19. Ryan Franklin, STL (232.48): Has kept the haters at bay by lowering his WHIP every season since that questionable 1.47 in 2008. Franklin’s second-half ERA was scary, but he was a more dominant pitcher and only gained .08 on the WHIP. ERA is not always the fault of a pitcher. That said, closer-of-the-future Jason Motte is still in the Cardinals’ bullpen.
20. Matt Thornton, CHW (236.41): His first year as full-time closer at age 34? Let’s see how he reacts….
21. David Aardsma, SEA (242.12): Three numbers from 2010: BABIP of .230, BB/9 of 4.5, 1st-half ERA of 5.34. I don’t know if the countdown has started, but there is a nuclear meltdown coming. I don’t want any part of that on my fantasy team.
22. Joe Nathan, MIN (244.0): If he’s healthy, he’s the ninth inning guy. MLB.com lists Matt Capps as the (CL) on their depth chart. There’s a lot of uncertainty here and also the potential for 30+ saves in the 25th round.
23. Fernando Rodney, ANA (254.83): Stand up and back away from this pick very slowly. Seriously, if you want to make a mess out of your fantasy pitching numbers, draft Rodney.
24. Craig Kimbrel, ATL (266.09): Exciting K/9 and at age 22 is already in the running for the Braves closer role. Even if he splits the role, he could get 15-20 saves and 100 Ks.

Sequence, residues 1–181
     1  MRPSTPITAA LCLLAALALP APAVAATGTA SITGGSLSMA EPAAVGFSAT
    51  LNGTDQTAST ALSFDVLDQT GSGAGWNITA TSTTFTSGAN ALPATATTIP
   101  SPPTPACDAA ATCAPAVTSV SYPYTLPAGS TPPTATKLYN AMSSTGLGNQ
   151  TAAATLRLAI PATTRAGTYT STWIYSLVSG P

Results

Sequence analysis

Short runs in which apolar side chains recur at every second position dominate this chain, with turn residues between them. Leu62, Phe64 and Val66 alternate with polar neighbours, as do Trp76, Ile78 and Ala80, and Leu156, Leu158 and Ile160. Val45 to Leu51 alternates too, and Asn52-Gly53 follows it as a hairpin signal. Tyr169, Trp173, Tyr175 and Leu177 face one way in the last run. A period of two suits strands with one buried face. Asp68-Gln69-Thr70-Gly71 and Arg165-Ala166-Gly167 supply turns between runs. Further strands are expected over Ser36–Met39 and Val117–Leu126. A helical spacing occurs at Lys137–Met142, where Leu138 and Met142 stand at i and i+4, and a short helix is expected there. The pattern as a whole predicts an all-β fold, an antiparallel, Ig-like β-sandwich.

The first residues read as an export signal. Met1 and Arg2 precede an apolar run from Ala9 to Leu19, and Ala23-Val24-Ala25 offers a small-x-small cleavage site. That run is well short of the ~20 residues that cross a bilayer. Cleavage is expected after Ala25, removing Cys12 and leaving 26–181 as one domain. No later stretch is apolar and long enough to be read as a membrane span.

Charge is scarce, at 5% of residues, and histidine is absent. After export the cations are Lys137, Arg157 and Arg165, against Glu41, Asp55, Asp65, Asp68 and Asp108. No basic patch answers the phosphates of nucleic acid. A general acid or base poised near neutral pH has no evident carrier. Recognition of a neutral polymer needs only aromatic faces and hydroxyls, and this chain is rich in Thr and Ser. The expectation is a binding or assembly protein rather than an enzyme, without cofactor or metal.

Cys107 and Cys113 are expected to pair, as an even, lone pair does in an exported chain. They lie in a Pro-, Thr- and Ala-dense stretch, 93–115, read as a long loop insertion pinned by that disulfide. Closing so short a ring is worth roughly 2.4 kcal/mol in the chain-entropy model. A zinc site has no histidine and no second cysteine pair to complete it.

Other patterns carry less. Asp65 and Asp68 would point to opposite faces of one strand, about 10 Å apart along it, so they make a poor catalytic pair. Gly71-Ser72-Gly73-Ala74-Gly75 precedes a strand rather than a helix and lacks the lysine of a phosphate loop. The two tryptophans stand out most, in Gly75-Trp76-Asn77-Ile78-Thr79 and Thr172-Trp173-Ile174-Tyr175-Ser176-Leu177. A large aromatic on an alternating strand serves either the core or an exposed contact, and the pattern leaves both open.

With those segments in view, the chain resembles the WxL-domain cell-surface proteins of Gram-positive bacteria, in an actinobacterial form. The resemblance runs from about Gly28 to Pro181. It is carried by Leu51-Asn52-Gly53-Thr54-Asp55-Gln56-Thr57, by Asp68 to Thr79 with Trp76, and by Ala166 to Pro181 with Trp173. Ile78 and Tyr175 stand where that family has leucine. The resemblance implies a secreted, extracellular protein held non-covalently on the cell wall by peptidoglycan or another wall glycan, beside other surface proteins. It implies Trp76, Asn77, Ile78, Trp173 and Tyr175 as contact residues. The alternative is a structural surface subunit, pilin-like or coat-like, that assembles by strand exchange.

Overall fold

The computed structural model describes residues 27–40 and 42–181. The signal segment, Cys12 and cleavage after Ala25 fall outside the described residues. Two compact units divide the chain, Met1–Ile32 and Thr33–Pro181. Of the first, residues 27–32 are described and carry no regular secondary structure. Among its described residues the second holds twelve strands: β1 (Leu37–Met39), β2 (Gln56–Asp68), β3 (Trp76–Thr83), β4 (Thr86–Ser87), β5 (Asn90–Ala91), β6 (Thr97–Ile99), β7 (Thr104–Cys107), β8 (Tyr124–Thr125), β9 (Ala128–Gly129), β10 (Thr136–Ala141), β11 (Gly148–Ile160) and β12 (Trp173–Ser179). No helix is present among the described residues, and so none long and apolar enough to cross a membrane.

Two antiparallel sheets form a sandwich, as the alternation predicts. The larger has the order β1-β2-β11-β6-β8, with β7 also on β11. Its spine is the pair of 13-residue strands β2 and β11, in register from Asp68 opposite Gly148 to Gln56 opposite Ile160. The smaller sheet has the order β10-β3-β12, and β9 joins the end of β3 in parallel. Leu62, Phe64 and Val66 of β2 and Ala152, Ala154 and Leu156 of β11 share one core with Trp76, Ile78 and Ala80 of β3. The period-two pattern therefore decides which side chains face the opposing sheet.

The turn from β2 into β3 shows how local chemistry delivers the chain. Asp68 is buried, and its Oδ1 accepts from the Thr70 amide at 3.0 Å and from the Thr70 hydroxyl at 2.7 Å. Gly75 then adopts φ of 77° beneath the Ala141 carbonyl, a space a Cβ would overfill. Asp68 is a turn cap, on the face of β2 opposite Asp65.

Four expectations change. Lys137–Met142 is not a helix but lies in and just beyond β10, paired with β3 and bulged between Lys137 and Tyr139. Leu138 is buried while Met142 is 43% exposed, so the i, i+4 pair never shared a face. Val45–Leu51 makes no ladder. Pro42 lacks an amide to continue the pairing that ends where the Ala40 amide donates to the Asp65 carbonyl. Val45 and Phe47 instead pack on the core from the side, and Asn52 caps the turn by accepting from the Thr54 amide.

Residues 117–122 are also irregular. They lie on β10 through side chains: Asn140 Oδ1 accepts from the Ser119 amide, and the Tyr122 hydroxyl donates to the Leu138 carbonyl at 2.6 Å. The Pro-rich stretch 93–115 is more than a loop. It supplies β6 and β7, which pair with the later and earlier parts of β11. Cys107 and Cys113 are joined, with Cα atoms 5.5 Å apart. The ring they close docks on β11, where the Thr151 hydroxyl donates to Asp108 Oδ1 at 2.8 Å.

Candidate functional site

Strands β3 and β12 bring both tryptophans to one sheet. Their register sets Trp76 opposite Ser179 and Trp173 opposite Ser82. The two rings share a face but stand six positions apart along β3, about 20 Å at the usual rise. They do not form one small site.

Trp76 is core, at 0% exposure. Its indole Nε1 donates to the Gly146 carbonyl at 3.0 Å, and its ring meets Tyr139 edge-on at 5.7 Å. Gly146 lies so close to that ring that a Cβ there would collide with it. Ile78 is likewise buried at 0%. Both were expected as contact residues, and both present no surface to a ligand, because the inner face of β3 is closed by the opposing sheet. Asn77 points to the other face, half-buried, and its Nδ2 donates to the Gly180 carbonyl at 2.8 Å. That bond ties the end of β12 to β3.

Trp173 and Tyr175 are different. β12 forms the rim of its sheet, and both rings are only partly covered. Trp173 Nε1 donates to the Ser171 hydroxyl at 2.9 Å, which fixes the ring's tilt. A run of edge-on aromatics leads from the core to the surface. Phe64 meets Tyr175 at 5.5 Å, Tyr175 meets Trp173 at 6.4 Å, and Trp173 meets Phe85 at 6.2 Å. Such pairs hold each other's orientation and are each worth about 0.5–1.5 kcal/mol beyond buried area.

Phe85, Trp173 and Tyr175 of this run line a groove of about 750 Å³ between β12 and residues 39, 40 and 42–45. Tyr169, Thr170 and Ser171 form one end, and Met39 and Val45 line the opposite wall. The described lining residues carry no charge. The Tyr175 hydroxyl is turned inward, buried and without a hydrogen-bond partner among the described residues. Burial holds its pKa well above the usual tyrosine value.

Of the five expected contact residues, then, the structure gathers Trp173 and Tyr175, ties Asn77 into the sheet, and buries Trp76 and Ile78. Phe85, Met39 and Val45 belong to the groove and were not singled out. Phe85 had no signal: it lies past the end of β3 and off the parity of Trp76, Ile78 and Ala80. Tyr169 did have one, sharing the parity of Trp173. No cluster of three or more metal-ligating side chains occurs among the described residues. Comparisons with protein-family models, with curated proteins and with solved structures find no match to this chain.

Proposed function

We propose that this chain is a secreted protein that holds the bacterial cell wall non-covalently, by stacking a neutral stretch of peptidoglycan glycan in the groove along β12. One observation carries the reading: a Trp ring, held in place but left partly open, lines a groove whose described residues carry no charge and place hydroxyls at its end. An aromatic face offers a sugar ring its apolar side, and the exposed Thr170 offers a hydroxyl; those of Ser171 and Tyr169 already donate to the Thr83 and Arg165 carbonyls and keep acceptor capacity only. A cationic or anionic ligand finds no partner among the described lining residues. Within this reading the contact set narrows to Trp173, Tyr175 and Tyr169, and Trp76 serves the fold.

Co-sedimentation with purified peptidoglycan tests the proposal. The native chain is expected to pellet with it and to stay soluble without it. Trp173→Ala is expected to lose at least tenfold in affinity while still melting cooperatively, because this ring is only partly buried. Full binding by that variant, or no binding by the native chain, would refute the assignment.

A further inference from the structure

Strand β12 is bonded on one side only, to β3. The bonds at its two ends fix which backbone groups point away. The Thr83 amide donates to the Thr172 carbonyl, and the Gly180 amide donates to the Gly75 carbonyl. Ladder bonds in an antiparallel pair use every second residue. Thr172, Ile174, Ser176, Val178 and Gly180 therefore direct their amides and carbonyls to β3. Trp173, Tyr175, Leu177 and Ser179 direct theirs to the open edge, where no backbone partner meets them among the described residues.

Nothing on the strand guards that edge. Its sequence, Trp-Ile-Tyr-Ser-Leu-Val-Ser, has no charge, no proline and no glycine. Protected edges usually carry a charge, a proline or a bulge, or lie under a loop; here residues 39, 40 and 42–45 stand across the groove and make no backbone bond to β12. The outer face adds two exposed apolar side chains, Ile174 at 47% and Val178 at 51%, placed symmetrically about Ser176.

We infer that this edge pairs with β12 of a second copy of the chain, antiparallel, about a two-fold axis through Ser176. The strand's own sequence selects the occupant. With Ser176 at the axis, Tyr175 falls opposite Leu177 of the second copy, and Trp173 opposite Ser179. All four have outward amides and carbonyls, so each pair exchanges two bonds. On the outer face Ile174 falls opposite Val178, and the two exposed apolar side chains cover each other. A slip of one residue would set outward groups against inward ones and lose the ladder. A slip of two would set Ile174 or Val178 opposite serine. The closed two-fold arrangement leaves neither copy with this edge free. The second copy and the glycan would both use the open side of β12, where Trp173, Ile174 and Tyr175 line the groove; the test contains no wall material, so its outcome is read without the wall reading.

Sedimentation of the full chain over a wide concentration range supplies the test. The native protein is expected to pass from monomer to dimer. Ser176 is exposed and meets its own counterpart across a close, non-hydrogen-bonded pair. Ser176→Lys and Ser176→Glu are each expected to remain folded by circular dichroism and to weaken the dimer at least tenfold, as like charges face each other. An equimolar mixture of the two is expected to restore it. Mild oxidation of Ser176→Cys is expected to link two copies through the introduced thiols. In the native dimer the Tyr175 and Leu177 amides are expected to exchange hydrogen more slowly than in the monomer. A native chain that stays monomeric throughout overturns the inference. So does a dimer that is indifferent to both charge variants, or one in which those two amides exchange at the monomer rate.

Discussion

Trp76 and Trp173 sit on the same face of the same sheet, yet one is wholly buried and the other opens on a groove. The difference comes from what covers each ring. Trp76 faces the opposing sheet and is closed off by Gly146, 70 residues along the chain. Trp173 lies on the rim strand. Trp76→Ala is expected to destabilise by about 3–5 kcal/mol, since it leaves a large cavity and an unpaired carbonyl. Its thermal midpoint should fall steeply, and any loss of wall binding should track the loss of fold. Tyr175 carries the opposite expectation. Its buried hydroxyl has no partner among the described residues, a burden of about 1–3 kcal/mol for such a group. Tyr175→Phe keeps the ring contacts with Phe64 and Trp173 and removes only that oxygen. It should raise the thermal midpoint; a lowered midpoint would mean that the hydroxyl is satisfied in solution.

25. Kevin Gregg, BAL (274.84): Gregg’s WHIP has climbed every season since 2008 and he has averaged 1.5 walks per inning over that same stretch. Orioles could surprise this year with a young pitching staff and a much-improved offense. How many games will they let Gregg lose?
26. Joel Hanrahan, PIT (276.54): Improved his walk rate AND, surprisingly, his K rate in 2010. Usually, a pitcher has to lower his K rate to lower his walks. He’ll get his first shot as a full-time closer. He’ll take your ratios on a roller coaster ride, but he could save 30 for the Pirates.
27. Frank Francisco, TOR (295.81): He has closer stuff, but he needs to avoid another poor start. There is no Neftali Feliz waiting in Toronto, but there is an Octavio Dotel. Is that supposed to scare you away from picking Francisco? No, no it’s not.
28. Matt Capps, MIN (296.34): Currently listed as the closer for a team that will likely be saved more than 40 times. Like we said a couple player’s ago, the health of Joe Nathan will determine this situation.
29. Brandon Lyon, HOU (305.57): Got lucky in the second-half last season. His HR/FB, BABIP and ERA should all regress. Still, this late in the draft, a closer with 30-save potential is a good pick.
30. Octavio Dotel, TOR (342.84): This is a throwaway pick. He gave up more fly balls than line drives and grounders combined last season. That’s not good, especially in a new park that saw the Blue Jays set a record for most home runs in a season last year. If Dotel, 37, gets the closer job, his reign will be brief.
There are several other usable relievers. A couple of the more noteworthy ones: Rafael Soriano, NYY; Dan Bard, BOS; Hong-Chih Kuo, LAD; Evan Meek, PIT; Aroldis Chapman, CIN; Jonny Venters, ATL; Leo Nunez, FLA; Chris Sale, CHW.